She was absent about one hour, and when she returned her looks were sad. She told me that my poor friend, having lost a great deal of blood during the night, was in bed in a very weak state, and that all we could do was to pray to God for her, because, if the flooding of the blood did not stop soon, she could not possibly live twenty-four hours.

When I saw the linen which she had concealed under her clothes to bring it out, I could not disguise my horror, and I thought the sight would kill me. I fancied myself in a slaughter-house! Laura, thinking of consoling me, told me that I could rely upon the secret being well kept.

"Ah! what do I care!" I exclaimed. "Provided she lives, let the whole world know that she is my wife!"

At any other time, the foolishness of poor Laura would have made me laugh; but in such a sad moment I had neither the inclination nor the courage to be merry.

"Our dear patient," added Laura, "smiled as she was reading your letter, and she said that, with you so near her, she was certain not to die."

Those words did me good, but a man needs so little to console him or to soothe his grief.

"When the nuns are at their dinner," said Laura, "I will go back to the convent with as much linen as I can conceal about me, and in the mean time I am going to wash all this."

"Has she had any visitors?"

"Oh, yes! all the convent; but no one has any suspicion of the truth."

"But in such hot weather as this she can have only a very light blanket over her, and her visitors must remark the great bulk of the napkins."

"There is no fear of that, because she is sitting up in her bed."

"What does she eat?"

"Nothing, for she must not eat."

Soon afterwards Laura went out, and I followed her. I called upon a physician, where I wasted my time and my money, in order to get from him a long prescription which was useless, for it would have put all the convent in possession of the secret, or, to speak more truly, her secret would have been known to the whole world, for a secret known to a nun soon escapes out of the convent's walls. Besides, the physician of the convent himself would most likely have betrayed it through a spirit of revenge.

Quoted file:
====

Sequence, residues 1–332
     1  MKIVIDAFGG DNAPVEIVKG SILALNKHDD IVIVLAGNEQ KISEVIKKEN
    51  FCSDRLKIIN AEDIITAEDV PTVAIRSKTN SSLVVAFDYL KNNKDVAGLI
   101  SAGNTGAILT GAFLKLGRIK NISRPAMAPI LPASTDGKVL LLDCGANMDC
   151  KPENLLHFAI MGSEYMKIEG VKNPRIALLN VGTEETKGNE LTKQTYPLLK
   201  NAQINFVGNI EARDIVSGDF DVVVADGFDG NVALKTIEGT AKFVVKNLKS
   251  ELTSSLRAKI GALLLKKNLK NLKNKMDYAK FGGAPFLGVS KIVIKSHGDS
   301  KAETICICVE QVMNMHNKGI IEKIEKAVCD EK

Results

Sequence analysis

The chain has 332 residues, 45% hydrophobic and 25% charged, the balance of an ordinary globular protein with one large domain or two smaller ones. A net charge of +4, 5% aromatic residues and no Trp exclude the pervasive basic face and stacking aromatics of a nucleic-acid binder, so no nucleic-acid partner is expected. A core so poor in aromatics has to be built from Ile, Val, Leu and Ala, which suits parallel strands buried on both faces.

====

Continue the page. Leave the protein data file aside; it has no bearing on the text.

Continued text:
I returned sadly to my miserable hole in Laura's house. Half an hour afterwards she came to me, crying bitterly, and she placed in my hands this letter, which was scarcely legible:

"I have not strength enough to write to you, my darling; I am getting weaker and weaker; I am losing all my blood, and I am afraid there is no remedy. I abandon myself to the will of God, and I thank Him for having saved me from dishonour. Do not make yourself unhappy. My only consolation is to know that you are near me. Alas! if I could see you but for one moment I would die happy."

The sight of a dozen napkins brought by Laura made me shudder, and the good woman imagined that she afforded me some consolation by telling me that as much linen could be soaked with a bottle of blood. My mind was not disposed to taste such consolation; I was in despair, and I addressed to myself the fiercest reproaches, upbraiding myself as the cause of the death of that adorable creature. I threw myself on the bed, and remained there, almost stunned, for more than six hours, until Laura's return from the convent with twenty napkins entirely soaked. Night had come on, and she could not go back to her patient until morning. I passed a fearful night without food, without sleep, looking upon myself with horror, and refusing all the kind attentions that Laura's daughters tried to shew me.

It was barely daylight when Laura same to announce to me, in the saddest tone, that my poor friend did not bleed any more. I thought she was dead, and I screamed loudly,

"Oh! she is no more!"

"She is still breathing, sir; but I fear she will not outlive this day, for she is worn out. She can hardly open her eyes, and her pulse is scarcely to be felt."

A weight was taken off me; I was instinctively certain that my darling was saved.

"Laura," I said, "this is not bad news; provided the flooding has ceased entirely, all that is necessary is to give her some light food."

"A physician has been sent for. He will prescribe whatever is right, but to tell you the truth I have not much hope."

"Only give me the assurance that she is still alive."

"Yes, she is, I assure you; but you understand very well that she will not tell the truth to the doctor, and God knows what he will order. I whispered to her not to take anything, and she understood me."

"You are the best of women. Yes, if she does not die from weakness before to-morrow, she is saved; nature and love will have been her doctors."

"May God hear you! I shall be back by twelve."

"Why not before?"

"Because her room will be full of people."

Feeling the need of hope, and almost dead for want of food, I ordered some dinner, and prepared a long letter for my beloved mistress, to be delivered to her when she was well enough to read it. The instants given to repentance are very sad, and I was truly a fit subject for pity. I longed to see Laura again, so as to hear what the doctor had said. I had very good cause for laughing at all sorts of oracles, yet through some unaccountable weakness I longed for that of the doctor; I wanted, before all, to find it a propitious one.

Memoirs of Casanova Volume 2b Venice Page 35

Memoirs of Jacques Casanova

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